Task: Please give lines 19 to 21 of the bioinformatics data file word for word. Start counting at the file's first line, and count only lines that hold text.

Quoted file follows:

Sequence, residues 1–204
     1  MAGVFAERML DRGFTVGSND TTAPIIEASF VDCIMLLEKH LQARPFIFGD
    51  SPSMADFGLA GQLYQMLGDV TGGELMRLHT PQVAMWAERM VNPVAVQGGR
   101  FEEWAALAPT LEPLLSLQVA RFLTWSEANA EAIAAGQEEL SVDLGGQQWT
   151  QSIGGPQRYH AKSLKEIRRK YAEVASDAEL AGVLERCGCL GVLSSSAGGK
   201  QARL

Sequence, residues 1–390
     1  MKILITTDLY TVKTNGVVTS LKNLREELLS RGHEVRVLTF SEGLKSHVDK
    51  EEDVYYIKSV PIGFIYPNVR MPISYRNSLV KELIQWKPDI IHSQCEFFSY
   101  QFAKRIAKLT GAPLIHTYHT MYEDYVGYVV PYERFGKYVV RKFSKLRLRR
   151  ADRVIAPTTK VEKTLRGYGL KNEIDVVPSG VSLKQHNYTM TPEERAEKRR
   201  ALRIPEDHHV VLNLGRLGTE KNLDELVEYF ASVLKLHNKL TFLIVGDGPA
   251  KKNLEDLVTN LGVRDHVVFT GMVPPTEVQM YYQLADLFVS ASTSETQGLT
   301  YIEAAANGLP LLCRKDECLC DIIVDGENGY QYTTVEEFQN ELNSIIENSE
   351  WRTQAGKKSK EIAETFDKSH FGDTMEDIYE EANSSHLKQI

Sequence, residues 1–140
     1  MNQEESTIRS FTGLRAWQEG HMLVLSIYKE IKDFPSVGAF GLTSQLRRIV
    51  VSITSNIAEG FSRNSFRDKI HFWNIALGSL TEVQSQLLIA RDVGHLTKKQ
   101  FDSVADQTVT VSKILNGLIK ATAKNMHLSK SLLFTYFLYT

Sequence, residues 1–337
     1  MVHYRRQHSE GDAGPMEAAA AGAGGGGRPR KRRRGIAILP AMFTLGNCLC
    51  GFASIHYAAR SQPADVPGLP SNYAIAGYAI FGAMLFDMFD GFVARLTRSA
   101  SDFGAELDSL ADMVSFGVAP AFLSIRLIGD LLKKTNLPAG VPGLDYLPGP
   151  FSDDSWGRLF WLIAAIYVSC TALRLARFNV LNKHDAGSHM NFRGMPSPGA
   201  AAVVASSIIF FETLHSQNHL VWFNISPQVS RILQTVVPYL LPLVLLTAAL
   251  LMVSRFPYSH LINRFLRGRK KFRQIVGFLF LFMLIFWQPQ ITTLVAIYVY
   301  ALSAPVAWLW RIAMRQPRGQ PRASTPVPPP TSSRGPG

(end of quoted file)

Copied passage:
   101  FDSVADQTVT VSKILNGLIK ATAKNMHLSK SLLFTYFLYT

Sequence, residues 1–337
     1  MVHYRRQHSE GDAGPMEAAA AGAGGGGRPR KRRRGIAILP AMFTLGNCLC